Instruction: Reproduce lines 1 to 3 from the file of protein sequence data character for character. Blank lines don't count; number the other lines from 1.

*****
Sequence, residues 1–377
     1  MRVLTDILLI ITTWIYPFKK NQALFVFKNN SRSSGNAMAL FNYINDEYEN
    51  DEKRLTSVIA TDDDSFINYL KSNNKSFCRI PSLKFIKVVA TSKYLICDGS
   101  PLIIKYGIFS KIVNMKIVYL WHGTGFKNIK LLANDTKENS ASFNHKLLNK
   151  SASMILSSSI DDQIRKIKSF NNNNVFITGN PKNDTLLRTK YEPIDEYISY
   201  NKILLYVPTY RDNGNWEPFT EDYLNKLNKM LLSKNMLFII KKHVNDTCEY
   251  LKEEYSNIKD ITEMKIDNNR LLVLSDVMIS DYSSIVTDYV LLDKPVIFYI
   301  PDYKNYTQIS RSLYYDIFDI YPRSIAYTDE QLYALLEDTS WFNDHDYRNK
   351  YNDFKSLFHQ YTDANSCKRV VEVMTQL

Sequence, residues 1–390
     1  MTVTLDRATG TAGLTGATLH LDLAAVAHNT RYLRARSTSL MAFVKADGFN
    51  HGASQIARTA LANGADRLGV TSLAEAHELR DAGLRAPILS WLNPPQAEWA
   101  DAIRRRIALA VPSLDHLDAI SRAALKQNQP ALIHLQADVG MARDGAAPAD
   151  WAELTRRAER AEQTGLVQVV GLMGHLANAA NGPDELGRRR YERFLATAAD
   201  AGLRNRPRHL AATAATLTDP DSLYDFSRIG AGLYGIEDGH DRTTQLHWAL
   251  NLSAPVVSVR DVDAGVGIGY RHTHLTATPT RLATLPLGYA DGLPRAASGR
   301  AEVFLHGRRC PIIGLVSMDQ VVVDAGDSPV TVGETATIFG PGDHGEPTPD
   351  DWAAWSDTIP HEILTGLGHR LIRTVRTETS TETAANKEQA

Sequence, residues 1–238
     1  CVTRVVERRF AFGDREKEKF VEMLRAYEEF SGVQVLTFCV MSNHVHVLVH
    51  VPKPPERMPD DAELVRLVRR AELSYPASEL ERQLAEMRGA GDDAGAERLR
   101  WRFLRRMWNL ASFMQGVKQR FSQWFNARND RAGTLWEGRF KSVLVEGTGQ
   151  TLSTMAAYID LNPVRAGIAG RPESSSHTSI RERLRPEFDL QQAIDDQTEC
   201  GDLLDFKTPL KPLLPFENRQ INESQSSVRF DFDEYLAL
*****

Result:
Sequence, residues 1–377
     1  MRVLTDILLI ITTWIYPFKK NQALFVFKNN SRSSGNAMAL FNYINDEYEN
    51  DEKRLTSVIA TDDDSFINYL KSNNKSFCRI PSLKFIKVVA TSKYLICDGS